Constantine II

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“He was a shit. We can't mince words about this emperor.”

Constantine II. Golden killer.

Here is a mystery. Why don't people know more about Roman Emperor Constantine II? The second son of Constantine the Great but the eldest surviving heir at the time of his father's death, Constantine junior's name ought to be remembererd as one drenched in blood. He was as bad as Nero and yet his dishonour has been forgotten by history. It is a curious state of affairs and nor can Constantine's crimes be blamed on 'paganism', he was brought up as a full, on the money Nicene Christian.

For those without comedic tastes, the so-called experts at Wikipedia have an article about Constantine II.

For the record, Constantine II was the lead instigator in a general massacre of all his uncles and male cousins - bar two - as they were still in the playpen (Gallus and Julian, later known as emperor Julian the Apostate). Possibly Constantine would have waited only a few more years to have had them dispatched in due course. Constantine's two full siblings , emperors Constantius II and Constans I went along with the murders but within three years Constantine was out to reduce the family numbers again but that would be done at his expense and not the others. It's probably fair to say Constantine didn't like family, his or anyone else's. So what was it with this man that made him want and go out kill everybody?

It's in the name[edit]

Fausta:Empress, Augusta and MILF. About to find out that the door to her sauna won't open.

The future kin killer was born Constantine Flavius Claudius in around 316 AD. He was the second son of Constantine I but unlike the elder brother Crispus, received his father's name. That Constantine the Great would have by his wife Fausta two more sons Constantius and Constans suggests the first Christian emperor was dyslexic too. However later writers, perhaps to excuse a famous father for producing such a blood thirsty son, suggest Constantine II was in fact illegitmate and that his supposed mother adopted him as her own for political reasons. If so, perhaps that explains Constantine's later murderous plan to bump off all his relatives and rule the Roman Empire alone.

Constantine's position in the imperial family were changed in 326 when Constantine I poisoned Crispus and steam boiled Fausta in her bathroom by bolting the door from the outside. Constantine arranged this when he received a message that the two had been spied on having sex. Pre-Christianity, this wouldn't have been much of a deal - emperor Claudius had married his niece and Caligula had learnt all about sex from his sisters. However this was now the Christian era and the church was very against any suggestions of siblings bonking each other.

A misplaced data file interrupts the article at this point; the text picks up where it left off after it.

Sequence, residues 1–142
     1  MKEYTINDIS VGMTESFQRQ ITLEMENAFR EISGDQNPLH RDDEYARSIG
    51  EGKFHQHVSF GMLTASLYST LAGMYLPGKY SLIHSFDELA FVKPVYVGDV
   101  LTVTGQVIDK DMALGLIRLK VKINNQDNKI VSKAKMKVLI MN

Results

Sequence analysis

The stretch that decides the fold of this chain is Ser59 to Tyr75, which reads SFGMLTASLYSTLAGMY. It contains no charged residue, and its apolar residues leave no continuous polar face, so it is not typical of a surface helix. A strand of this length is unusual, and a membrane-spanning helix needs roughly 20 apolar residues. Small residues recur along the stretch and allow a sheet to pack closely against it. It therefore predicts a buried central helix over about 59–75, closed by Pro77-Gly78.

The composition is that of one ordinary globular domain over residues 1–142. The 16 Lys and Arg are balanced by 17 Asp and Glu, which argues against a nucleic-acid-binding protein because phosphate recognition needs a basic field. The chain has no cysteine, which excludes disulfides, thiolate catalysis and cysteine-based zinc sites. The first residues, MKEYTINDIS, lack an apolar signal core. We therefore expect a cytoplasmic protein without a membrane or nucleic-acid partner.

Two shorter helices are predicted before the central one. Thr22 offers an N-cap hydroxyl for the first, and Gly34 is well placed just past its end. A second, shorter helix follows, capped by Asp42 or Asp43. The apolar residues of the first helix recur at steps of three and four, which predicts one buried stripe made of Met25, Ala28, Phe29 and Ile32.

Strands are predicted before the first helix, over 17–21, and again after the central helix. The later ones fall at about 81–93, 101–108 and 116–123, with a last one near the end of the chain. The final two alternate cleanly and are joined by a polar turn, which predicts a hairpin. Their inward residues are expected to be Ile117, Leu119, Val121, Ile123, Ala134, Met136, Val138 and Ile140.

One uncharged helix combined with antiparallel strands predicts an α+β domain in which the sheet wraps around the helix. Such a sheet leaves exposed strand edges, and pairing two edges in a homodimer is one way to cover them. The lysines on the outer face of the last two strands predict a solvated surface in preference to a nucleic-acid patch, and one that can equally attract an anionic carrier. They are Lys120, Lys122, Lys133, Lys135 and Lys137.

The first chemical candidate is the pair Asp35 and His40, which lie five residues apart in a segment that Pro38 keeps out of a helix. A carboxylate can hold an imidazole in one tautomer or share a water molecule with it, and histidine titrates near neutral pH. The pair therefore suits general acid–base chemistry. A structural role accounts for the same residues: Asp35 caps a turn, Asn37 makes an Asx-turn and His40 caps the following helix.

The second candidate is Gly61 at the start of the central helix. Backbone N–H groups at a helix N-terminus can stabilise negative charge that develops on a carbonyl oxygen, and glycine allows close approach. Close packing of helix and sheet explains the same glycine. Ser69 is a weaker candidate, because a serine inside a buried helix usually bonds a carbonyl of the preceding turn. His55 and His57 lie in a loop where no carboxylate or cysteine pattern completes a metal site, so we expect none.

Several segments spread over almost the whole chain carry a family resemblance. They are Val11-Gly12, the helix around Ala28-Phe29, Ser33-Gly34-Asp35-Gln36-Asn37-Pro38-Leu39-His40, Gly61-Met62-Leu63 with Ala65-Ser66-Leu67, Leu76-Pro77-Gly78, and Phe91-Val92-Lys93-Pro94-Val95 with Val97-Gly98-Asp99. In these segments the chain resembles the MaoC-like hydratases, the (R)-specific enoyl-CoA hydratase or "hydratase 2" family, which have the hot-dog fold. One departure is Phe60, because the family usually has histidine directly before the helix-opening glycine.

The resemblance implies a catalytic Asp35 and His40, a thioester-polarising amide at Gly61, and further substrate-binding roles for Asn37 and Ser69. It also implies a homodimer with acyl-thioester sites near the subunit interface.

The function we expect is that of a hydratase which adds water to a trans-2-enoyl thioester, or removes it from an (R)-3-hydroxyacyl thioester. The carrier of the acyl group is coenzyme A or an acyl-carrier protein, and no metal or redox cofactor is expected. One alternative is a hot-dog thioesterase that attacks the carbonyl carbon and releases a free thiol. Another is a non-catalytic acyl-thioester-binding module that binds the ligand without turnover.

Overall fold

Constantine I ordered a cover up and that anyone who asked where his wife were would be guaranteed a rowing seat on a roman galley. But here is another suggestion: the deaths of Crispus and Fausta were arranged by young Constantine. He would have seen Crispus as a rival (and being older by a good 10 years or more) and if Fausta wasn't young Constantine's real mother, then her death wouldn't have bothered him in the slightest.

Family Matters[edit]

Constantine celebrates fratricide with a ride by triumph.

Young Contantine was sent away to Trier in Germany to represent his father as Caesar. Emperor Constantine had no wish to promote anyone outside of the family but kept his son on short pocket money to keep him dependent. Constantine Junior didn't openly complain but sent anonymous letters to his father suggesting his brothers Constantius and Constans were a pair of bed wetters and deserved no share of the Roman Empire.

Constantine the Great died in 337 but had made no provision about how he wanted the empire to be run. This time there were no outsiders, all the contenders were the late emperor's relatives: His three sons Constantine, Constantius and Constans and two nephews Flavius Dalmatius and Julius Constantius. Constantine thought this was four too many but first he needed to cut down the odds.